Dec. 10, 2013 -- Only Santa, maybe, knows if you've been naughty or nice. But management at some 1,000 retailers this holiday season knows where you've been standing, how long you've had to wait in the checkout line, and which sweater or necktie or shovel you admired most while shopping.
New technologies for tracking shoppers in-store, in real time, make this possible. Some rely on signals emitted by customers' smart phones. Another uses images from store security cameras.
Prism Skylabs' technology analyzes security camera images to give retailers "heat maps," on which hot colors such as red or orange denote the items customers are finding most desirable. The colors are determined, say, by how long a customer has stood in front of an item or how many times the item has been handled.
Jules Polonetsky, executive director of the Future of Privacy Forum, a think tank in Washington, D.C., tells ABC News that the past few years have seen more retailers adopt customer-tracking technology. Everyone from malls to big-box vendors to small coffee shops is testing some sort of system, he says. He thinks the situation has reached a turning point this shopping season with Apple's introduction of customer location-sensing iBeacon technology, which can send a variety of information—including details on products, special offers and events—to shoppers standing near new iBeacon transmitters.
Whether a tracking technology qualifies as "creepy" (Polonetsky's word) depends in large part, he says, on whether data is being collected on specific individuals, rather than on unidentified customers en masse. Prism's heat maps fall into the second category.
Steve Russell, Prisms' founder and CEO, says tracking systems that use cell phones to match data to individuals are invasive. "We're an alternative to that," he says. Once the security camera pictures have been analyzed to produce heat maps, he says, all visual trace of consumers is expunged. All that's left is an abstraction of how customers as a group have spent their time shopping.
"Before, a merchant could only look at the register to see what was selling," says Russell. "Now, you can see what products shoppers are spending time with. If somebody is picking something up and playing with it but not buying it, that tells the retailer the item may be overpriced. In the past, merchandising decisions typically have been made based on a merchant's gut feeling. Here's a way to make them based on data."
Shoppers often have no inkling they're being tracked by Prism. Nordstrom says it tested a technology called Euclid between September 2012 and May 2013. The system tracked customers using the Wi-Fi signals of customers' smart phones. "Using this type of technology," said Nordstrom in a statement at the end of the test, "is one way we can learn about our customers' foot traffic and find additional opportunities to improve the service we offer them. Through the Euclid test we got some great feedback from our customers."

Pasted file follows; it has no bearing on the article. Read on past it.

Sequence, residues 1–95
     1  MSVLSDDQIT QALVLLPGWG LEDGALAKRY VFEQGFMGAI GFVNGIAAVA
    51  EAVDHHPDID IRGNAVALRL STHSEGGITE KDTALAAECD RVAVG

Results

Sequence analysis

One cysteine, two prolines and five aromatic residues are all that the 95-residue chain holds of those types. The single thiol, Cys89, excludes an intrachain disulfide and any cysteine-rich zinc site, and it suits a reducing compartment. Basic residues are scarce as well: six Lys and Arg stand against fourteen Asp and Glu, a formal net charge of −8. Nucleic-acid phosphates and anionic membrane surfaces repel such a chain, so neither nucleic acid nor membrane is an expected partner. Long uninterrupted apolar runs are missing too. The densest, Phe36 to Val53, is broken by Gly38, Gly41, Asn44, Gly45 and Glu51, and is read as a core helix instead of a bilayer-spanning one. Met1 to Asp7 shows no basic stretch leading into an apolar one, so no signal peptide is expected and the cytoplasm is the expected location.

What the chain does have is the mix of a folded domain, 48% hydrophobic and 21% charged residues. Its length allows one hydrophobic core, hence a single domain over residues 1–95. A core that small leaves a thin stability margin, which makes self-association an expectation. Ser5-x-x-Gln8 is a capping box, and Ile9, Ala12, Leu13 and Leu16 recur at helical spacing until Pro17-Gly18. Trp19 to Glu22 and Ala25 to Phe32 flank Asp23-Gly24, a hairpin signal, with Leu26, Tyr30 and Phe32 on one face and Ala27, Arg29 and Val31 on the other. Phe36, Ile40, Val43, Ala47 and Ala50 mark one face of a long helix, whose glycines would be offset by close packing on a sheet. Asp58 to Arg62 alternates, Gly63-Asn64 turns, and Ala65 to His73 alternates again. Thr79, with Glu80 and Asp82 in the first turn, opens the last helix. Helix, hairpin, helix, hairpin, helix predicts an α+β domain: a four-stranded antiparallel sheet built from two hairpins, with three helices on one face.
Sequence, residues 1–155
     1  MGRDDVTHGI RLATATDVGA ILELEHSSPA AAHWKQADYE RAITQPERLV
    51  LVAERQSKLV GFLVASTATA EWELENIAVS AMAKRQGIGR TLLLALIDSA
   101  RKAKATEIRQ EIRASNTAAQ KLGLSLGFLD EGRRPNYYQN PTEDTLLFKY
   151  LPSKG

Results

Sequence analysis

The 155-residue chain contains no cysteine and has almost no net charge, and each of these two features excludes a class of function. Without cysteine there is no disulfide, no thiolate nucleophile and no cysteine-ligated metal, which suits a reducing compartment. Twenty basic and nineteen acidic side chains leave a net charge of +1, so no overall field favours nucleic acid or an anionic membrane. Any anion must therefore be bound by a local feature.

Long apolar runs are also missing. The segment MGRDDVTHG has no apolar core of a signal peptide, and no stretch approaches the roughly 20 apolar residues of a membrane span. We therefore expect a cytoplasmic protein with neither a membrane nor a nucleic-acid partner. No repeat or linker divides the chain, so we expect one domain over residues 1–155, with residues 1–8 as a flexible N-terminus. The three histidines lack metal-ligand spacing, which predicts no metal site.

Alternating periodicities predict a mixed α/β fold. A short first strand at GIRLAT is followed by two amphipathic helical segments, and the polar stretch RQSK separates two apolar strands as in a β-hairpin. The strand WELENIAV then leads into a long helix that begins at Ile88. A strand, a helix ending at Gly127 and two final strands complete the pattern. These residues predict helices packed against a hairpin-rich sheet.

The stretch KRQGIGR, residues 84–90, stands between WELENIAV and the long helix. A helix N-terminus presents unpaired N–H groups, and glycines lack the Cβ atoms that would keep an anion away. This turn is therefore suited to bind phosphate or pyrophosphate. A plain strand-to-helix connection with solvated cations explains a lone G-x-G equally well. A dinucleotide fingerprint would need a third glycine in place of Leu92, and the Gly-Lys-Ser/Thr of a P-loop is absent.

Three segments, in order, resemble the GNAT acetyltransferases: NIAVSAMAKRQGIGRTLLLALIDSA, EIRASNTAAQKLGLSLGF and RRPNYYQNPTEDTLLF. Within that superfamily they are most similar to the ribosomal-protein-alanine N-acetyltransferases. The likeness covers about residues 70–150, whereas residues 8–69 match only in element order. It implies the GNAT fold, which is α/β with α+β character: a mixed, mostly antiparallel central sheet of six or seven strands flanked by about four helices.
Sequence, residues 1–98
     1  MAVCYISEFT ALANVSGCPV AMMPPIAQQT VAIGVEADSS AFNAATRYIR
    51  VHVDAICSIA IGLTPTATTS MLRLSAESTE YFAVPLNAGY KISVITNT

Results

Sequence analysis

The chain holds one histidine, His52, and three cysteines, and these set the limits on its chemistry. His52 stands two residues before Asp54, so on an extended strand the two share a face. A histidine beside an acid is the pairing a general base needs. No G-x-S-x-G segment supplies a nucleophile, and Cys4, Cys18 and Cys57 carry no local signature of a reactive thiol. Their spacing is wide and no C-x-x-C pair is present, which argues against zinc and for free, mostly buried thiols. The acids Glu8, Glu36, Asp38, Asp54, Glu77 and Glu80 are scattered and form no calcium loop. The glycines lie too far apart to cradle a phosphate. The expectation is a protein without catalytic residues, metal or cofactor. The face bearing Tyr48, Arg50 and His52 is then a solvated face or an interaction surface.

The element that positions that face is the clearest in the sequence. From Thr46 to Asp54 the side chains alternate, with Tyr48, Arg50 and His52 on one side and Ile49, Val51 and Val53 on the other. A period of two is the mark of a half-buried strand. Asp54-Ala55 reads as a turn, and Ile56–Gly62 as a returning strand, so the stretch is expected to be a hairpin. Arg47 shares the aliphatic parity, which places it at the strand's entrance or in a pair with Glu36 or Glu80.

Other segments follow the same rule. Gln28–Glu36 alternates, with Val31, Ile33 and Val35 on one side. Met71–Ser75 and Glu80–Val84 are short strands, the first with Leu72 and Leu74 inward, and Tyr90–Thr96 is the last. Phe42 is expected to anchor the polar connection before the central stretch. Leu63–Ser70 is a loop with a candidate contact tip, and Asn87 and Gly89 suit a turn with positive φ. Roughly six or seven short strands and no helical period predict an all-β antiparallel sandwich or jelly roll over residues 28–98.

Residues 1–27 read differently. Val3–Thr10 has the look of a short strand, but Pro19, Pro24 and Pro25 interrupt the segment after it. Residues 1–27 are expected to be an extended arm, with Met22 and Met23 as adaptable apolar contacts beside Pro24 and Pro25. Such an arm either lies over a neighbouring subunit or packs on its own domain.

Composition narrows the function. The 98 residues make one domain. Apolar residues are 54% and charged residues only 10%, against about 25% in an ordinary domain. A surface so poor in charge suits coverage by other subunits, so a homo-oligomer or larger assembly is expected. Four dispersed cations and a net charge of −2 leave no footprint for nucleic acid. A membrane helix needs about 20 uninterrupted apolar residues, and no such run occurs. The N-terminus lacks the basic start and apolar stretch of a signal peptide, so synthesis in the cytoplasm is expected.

That feedback, says Polonetsky, was not all positive. "Even though Nordstrom had put signs up saying there was a test being conducted, some consumers said, 'Huh?'" They did not take kindly to being monitored and used social media to complain, says Polonetsky. Others complained directly to the store itself. Nordstrom, asked by ABC News about negative feedback, had no comment.
This fall, the Future of Privacy Forum joined forces with Sen. Charles Schumer and a group of suppliers of tracking technology to try to hammer out a code-of-conduct agreement that would protect shoppers from the involuntary invasion of their privacy, while, at the same time, allowing merchants to collect data supplied voluntarily.
The code requires merchants using such technology to display clear, in-store signage that tracking technology is being used. It further requires them to tell customers how they can opt-out of tracking altogether.
Depending on what the customer wants, says Polonetsky, and on what up-front disclosures are made by merchants, these technologies have the potential either to leave the shopper feeling flattered ("Gee, they know my shoe size!" he says, receiving a customized offer on his phone while walking through the shoe department) or feeling as if they've entered some negative, Matrix-like environment.
Still, all those smartphones can ease the holiday tension too.
This holiday shopping season, at some malls operated by Forest City, shoppers wanting to be photographed with Santa won't have to wait in line, according to the company. They will have the option of waiting in a virtual Santa queue and being "pinged" on their phones when the jolly old elf is ready to receive them.